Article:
Before the Joburg winter of short days began last year, Fenzani Khumalo decided to buy pepper spray.
“I used to carry a screwdriver. I think you feel safer if you think you can at least protect yourself if anything happens,” the 26-year-old says.
She lives in the heart of Joburg’s run-down CBD.
“I try not to wear anything tight. I don’t want to wear jeans or leggings, because they accentuate my shape and that brings the wrong attention,” she says.
“I try to be as invisible as possible. If I wear longer dresses and skirts, I’ll hopefully get less attention.
“When you’re wearing a short skirt they’ll even touch you behind your knee. It’s so disgusting.”
Fezani, who’s originally from KwaZulu-Natal, starts her commute to work at 5.45am. She walks for 20 minutes to catch a taxi to Rosebank.
She tries not to change her routes because Market Street has become “familiar” to her.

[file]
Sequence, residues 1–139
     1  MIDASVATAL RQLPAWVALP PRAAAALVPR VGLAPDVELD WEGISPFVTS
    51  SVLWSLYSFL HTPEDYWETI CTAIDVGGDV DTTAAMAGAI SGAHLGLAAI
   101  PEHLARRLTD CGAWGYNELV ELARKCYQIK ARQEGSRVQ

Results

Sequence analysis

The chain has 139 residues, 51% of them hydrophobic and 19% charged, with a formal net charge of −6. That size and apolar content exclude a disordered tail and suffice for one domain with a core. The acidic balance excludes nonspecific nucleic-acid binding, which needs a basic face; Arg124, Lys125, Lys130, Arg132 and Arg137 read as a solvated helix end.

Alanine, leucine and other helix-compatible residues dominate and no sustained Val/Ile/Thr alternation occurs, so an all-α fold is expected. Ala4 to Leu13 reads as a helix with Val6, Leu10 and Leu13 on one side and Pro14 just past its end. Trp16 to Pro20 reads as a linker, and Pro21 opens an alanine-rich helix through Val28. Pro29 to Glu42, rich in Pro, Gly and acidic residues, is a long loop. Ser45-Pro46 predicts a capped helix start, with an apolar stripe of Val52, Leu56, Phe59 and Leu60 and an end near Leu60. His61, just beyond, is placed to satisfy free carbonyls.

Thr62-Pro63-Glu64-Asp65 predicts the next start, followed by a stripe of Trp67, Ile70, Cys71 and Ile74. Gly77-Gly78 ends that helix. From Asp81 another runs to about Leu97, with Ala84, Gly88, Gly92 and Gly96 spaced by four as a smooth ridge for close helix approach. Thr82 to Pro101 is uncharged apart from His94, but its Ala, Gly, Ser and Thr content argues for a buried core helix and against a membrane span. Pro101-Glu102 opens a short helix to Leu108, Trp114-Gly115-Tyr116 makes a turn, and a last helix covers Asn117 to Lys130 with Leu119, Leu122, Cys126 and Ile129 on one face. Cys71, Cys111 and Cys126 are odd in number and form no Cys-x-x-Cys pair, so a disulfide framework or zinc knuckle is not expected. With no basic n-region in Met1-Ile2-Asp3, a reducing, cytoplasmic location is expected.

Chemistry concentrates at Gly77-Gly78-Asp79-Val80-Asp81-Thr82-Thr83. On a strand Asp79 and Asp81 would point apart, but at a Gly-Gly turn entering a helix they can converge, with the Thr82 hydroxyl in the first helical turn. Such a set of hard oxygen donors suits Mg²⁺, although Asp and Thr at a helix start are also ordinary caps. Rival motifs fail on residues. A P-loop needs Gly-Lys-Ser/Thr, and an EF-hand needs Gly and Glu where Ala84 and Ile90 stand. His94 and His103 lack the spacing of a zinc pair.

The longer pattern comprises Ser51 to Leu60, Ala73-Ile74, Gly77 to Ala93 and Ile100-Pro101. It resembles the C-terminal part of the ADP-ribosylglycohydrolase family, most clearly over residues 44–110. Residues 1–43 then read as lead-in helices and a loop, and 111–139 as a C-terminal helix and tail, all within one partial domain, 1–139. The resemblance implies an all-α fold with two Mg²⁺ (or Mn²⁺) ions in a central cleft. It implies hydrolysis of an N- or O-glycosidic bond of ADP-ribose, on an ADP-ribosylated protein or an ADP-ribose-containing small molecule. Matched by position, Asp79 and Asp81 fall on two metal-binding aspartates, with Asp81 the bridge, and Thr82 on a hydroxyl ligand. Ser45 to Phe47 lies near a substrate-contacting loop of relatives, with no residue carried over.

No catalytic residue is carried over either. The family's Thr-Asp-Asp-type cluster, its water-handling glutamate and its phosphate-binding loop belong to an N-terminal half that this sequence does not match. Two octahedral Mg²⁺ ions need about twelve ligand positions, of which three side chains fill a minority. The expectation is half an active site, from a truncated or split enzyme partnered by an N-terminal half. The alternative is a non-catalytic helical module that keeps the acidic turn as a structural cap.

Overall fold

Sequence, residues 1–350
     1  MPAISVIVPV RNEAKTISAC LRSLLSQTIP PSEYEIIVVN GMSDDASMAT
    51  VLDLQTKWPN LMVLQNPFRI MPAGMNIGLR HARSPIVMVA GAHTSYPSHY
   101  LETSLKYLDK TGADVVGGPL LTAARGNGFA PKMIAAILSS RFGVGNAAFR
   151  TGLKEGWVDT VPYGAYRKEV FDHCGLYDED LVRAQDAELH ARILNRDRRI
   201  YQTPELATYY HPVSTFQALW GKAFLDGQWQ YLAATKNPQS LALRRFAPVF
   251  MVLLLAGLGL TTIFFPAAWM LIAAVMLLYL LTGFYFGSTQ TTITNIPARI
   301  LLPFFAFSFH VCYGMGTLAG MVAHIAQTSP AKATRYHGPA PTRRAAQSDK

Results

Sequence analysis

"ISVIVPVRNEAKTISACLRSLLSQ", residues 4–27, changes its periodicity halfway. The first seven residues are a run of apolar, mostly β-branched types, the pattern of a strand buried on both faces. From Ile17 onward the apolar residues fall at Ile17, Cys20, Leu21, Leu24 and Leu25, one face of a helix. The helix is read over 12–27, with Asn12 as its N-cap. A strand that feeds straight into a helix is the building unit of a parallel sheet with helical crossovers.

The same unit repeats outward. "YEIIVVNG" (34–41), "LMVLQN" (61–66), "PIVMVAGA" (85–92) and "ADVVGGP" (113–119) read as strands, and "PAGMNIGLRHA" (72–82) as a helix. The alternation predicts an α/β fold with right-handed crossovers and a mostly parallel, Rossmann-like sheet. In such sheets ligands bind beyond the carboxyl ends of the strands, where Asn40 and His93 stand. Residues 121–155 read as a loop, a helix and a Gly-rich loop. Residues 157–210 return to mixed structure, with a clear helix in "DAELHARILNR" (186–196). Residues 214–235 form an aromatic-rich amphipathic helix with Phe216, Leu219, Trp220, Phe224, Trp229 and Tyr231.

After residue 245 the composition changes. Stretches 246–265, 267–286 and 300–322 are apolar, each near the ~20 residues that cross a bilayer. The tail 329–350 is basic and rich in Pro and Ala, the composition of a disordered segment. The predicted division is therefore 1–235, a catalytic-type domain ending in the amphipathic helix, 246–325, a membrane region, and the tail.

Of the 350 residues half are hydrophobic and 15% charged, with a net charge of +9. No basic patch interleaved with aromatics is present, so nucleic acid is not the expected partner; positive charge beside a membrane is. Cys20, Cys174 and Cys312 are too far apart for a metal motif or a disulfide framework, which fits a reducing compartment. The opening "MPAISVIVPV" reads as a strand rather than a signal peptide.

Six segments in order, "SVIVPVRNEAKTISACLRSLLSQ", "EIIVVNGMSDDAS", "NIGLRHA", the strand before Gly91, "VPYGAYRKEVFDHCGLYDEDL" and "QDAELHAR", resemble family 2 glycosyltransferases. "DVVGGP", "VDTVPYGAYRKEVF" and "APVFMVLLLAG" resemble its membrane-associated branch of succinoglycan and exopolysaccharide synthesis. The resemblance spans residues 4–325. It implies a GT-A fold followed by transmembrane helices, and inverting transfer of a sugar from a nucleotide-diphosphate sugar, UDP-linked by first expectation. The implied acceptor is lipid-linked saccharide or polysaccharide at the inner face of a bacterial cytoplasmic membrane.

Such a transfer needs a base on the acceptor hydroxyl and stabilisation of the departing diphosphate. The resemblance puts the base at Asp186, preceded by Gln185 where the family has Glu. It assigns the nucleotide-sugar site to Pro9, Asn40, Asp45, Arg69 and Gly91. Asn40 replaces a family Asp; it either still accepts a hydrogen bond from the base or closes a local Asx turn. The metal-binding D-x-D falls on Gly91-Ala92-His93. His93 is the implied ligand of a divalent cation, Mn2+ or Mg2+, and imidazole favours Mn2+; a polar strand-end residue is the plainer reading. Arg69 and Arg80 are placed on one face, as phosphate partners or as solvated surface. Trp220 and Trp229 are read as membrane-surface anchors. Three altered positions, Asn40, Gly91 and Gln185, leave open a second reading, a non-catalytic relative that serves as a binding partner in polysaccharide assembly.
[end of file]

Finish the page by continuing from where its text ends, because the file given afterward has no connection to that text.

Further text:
Once, she took a shorter route through Polly Street and encountered groups of men.
She started praying. She didn’t want to turn back, out of the street, because she thought the men would definitely come after her.
“The men hadn’t said anything and they weren’t even looking at me, but the fear I had was too much.
“I even bought something that I didn’t want, just to show that at
least I’m supporting their businesses and I’m friendly, hoping they won’t
do anything to me.”
One evening, after work, the “paranoia” became so immense she ran for three blocks towards her apartment block because she thought a man was following her.
“He had been walking a distance behind me and crossed every time I crossed the street. I freaked out and ran,” she says.
“I doubt that, as women, we will ever feel safe. It doesn’t matter where you live.
“Sometimes I wonder if I’m afraid of the city or the dark – or am I afraid of men?”